Contrary to what you might think, I don’t like to have my DSLR camera with me when I’m living my everyday life. It’s far too easy for me to fall into a work mind frame with that hunk of magnesium and buttons and curved glass in my hands. I find myself an observer of the moments I’m meant to enjoy, rather than a participant. For the longest time, I couldn’t find a way to capture the joy of the moment with my heart and mind while simultaneously capturing it with my camera.
Around the time I became a full time wedding photographer, I made a decision to try my hardest to be an active participant in the events of my life and my family, rather than a documentarian of them. I stopped bringing my camera with me to family events, stopped volunteering to be the de facto photographer at birthdays and graduation parties, and stopped telling myself that I somehow wasn’t a real photographer if I didn’t pick my camera up every day. When I travelled, I started trying to experience new places with all my senses, instead of just one eye through the viewfinder of a DSLR. I paid more attention to the smells, from the pleasant aroma of roasting peanuts in central park, to the downright putrid bourbon street on a hot day. I talked to people and looked them in the eye, rather than just stealing little pieces of them with my camera. I ate new foods and walked on new streets.
It was around the time that I made this decision to be more mindful in my day to day that my husband brought me an old Rolleiflex film camera. I’d never really shot film before, and wasn’t sure I was ready for the challenge, but the better I got to know that camera, the more I realized it was the perfect balance between living life and documenting it. With film, I had to be selective. I had to be present. I couldn’t mindlessly shoot and sort through the files later. I had to truly be in the moment and relying on those senses to choose what was worth a press of my shutter button and what wasn’t. That Rolleiflex has since become my favorite travel companion, next to my husband. I love it, not only for the pictures it takes, but for the conversations it starts. Strangers walk right up to me and ask me about it, tell me how they remember their father, or their grandfather, wielding the same camera at family outings. Young children are fascinated by the levers and dials, and beg to be shown the picture on the back of the screen after I press the shutter, only to be confused when I explain there is no screen and it’ll likely be weeks before anyone can see this picture. They’ve only ever lived in an immediate world, and the idea that some things are worth waiting for, is lost on them.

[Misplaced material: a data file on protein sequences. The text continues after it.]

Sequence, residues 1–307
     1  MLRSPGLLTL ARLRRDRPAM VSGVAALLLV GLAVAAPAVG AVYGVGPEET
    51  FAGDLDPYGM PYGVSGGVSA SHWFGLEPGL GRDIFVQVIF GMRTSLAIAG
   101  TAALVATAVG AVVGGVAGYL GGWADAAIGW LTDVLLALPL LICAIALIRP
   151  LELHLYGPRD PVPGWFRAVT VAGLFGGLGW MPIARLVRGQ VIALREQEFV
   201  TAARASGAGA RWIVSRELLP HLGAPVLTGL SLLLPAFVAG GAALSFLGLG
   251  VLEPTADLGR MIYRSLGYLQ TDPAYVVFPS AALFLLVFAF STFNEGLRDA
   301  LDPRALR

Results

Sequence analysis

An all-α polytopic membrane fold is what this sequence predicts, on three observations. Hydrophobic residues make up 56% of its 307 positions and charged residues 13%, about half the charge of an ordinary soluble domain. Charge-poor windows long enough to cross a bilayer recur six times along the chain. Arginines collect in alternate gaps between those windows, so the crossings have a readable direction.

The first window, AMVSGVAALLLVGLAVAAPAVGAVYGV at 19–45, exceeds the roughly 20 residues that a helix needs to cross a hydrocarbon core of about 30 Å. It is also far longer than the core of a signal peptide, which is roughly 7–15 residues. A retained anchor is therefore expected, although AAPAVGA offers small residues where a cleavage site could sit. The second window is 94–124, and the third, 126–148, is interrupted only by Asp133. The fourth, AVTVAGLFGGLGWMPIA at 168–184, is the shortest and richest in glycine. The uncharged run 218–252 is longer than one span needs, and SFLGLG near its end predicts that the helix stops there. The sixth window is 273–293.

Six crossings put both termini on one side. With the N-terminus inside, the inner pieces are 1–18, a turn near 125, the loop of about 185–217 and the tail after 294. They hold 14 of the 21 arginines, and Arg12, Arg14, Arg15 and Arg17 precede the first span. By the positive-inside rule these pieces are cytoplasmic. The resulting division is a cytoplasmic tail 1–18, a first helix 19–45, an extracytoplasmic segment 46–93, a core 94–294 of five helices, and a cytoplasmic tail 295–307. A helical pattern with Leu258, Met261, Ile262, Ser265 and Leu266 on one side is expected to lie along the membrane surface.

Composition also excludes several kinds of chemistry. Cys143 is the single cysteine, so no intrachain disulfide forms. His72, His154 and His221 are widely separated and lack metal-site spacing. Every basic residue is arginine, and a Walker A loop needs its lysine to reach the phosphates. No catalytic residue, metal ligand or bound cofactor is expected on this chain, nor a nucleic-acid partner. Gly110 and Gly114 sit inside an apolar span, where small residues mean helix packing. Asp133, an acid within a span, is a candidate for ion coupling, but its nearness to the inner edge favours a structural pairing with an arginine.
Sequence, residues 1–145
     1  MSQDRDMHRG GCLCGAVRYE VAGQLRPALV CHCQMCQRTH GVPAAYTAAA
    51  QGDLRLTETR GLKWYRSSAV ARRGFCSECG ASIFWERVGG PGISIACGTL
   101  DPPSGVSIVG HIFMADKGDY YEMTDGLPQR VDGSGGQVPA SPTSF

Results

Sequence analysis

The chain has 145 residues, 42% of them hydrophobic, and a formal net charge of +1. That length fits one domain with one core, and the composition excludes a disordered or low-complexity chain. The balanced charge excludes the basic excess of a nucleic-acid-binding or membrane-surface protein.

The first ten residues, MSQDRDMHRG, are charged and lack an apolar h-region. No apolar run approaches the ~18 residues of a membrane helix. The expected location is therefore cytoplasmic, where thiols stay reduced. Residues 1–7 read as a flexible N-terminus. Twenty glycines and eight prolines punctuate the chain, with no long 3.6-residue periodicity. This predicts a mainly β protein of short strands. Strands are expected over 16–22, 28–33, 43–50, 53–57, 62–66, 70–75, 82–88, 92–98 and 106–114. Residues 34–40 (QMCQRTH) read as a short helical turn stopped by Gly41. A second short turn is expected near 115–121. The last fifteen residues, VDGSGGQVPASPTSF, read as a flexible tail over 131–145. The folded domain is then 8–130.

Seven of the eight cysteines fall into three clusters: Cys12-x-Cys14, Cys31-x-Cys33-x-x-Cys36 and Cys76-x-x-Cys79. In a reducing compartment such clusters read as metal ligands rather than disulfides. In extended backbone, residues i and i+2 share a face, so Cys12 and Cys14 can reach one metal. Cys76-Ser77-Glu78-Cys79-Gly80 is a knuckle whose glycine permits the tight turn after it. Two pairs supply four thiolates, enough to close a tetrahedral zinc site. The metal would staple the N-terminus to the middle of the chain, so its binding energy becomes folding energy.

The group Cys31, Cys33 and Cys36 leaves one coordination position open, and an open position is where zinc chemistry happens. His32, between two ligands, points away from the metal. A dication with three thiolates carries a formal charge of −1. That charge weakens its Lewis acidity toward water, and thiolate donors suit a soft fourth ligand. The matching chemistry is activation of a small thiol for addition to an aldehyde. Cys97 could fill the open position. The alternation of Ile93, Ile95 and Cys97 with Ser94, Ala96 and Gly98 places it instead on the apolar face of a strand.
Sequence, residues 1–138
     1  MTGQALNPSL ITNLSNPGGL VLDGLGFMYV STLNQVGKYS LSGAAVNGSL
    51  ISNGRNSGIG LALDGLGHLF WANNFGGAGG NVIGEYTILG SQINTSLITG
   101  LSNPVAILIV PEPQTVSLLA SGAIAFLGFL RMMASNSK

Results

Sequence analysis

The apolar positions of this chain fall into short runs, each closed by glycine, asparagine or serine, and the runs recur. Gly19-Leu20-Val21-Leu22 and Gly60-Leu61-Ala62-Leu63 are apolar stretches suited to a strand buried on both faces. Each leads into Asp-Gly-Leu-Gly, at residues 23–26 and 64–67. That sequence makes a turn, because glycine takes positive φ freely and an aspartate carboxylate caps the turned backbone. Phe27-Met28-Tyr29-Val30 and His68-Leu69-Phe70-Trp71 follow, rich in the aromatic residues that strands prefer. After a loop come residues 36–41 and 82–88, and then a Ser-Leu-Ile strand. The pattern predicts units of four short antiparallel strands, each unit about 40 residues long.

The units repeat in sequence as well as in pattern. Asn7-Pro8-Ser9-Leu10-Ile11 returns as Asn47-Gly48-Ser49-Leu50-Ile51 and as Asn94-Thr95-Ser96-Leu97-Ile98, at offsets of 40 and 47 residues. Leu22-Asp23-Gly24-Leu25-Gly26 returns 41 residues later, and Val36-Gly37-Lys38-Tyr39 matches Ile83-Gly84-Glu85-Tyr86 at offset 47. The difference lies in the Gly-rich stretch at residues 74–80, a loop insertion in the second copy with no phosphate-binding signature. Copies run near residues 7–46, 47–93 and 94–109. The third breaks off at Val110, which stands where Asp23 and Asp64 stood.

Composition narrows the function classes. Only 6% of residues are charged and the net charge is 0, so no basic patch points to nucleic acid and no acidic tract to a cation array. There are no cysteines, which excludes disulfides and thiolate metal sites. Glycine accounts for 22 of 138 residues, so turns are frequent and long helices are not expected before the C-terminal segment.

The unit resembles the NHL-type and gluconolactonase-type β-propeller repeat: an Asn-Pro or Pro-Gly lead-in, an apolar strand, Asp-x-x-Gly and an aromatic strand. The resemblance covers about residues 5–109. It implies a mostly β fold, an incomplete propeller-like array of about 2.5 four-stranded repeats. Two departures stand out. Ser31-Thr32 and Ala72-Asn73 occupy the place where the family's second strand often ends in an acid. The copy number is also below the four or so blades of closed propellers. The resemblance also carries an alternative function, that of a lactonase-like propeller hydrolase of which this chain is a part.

This Rolleiflex has been with me from New York to New Orleans, Costa Rica to California, from the Southern tip of the Florida Keys to the Northern tip of Michigan, and you can bet it’ll be by my side wherever I’m headed next. Here are some places I took it with me in 2014.
A few of these shots are from a Contax 645, which I had a brief affair with and quickly fell out of love, because it felt too much like a DSLR.